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Capsule Summary


A. Definition:  Battery is the intentional infliction of a harmful or offensive bodily contact.

Example:  A intentionally punches B in the nose. A has committed battery.

B. Intent:   It is not necessary that D desires to physically harm P. D has the necessary intent for battery if it is the case either that: (1) D intended to cause a harmful or offensive bodily contact; or (2) D intended to cause an imminent apprehension on P’s part of a harmful or offensive bodily contact.

Example 1:  D shoots at P, intending to hit him with the bullet. D has the necessary intent for battery.

Example 2:  D shoots at P, intending to miss P, but also intending to make P think that P would be hit. D has the intent needed for battery (i.e., the “intent to commit an assault” suffices as the intent for battery).

C. Harmful or offensive contact:  If the contact is “harmful” – i.e., it causes pain or bodily damage -this qualifies. But battery also covers contacts which are merely “offensive, i.e., damaging to a “reasonable sense of dignity.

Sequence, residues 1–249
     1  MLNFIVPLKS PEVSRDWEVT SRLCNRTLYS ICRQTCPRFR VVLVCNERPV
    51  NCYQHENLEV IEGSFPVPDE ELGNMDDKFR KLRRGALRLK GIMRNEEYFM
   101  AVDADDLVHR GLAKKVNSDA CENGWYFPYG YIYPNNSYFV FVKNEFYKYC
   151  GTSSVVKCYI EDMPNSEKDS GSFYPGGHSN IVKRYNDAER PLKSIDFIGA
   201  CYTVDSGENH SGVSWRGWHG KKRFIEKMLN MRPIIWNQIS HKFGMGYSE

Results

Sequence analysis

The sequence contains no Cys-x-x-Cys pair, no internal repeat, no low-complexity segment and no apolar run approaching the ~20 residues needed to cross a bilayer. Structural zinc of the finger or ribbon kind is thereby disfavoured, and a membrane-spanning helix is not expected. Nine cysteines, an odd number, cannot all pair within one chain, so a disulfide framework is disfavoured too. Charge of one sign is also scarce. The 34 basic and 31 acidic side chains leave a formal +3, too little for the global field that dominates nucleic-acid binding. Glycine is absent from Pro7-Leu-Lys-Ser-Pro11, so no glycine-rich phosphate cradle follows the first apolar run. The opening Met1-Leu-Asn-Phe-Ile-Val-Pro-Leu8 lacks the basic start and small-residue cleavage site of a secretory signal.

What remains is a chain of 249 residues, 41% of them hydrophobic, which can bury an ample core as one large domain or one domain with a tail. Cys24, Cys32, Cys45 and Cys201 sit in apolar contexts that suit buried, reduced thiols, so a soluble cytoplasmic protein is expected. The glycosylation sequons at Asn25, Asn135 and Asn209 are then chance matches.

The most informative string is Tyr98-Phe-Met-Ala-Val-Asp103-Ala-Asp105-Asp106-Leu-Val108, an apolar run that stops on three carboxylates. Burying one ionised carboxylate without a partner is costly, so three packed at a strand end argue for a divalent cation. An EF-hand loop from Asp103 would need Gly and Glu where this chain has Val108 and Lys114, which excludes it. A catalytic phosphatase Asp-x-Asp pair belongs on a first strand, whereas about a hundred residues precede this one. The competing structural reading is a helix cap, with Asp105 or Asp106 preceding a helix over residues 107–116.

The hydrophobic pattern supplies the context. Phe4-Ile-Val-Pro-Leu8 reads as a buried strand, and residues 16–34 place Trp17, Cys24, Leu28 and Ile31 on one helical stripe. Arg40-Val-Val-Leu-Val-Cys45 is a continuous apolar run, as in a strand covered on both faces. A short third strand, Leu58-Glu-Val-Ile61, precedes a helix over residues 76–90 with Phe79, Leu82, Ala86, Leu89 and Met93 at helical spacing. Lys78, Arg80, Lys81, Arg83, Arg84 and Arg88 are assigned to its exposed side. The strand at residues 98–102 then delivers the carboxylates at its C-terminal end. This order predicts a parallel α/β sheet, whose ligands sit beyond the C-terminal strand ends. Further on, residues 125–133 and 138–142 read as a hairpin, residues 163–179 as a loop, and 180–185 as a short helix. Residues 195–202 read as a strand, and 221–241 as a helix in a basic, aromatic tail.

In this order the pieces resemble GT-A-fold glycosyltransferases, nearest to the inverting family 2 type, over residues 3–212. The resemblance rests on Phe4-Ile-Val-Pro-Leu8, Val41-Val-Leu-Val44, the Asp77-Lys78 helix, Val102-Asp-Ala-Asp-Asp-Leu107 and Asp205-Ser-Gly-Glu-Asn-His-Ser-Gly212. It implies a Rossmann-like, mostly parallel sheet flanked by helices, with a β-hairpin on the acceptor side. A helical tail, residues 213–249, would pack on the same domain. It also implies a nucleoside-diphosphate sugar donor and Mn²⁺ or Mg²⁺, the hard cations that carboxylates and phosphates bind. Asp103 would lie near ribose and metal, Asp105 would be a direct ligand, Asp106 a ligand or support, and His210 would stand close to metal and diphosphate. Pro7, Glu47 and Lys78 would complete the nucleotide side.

Example:  D spits on P. Even if P is not “harmed” in the sense of being caused physical pain or physical injury, a battery has occurred because a person of average sensitivity in P’s position would have her dignity offended.

D. P need not be aware:  It is not necessary that P have actual awareness of the contact at the time it occurs. (Example: D kisses P while she is asleep. D has committed a battery.)

E. Contact beyond level consented to:  Battery can occur where P consents to a certain level of bodily contact, but D goes beyond the consented-to level of contact. At that point, the consent becomes invalid, and battery results. Look for this “beyond the consented-to level of contact” scenario when the facts involve either a sporting event or a medical/surgical procedure.

Example:  In a pick-up ice hockey game in a park, P and D are skirmishing for the puck near the side wall of the rink. D intentionally delivers a hard body check that throws P into the wall, and the collision between P and the wall badly injures P. D sues P for battery.

If D intentionally delivered a body check (a body contact) that went beyond the level or type of contact D knew or should have known P was impliedly consenting to, then it would constitute battery.


A. Definition:  Assault is the intentional causing of an apprehension of harmful or offensive contact.

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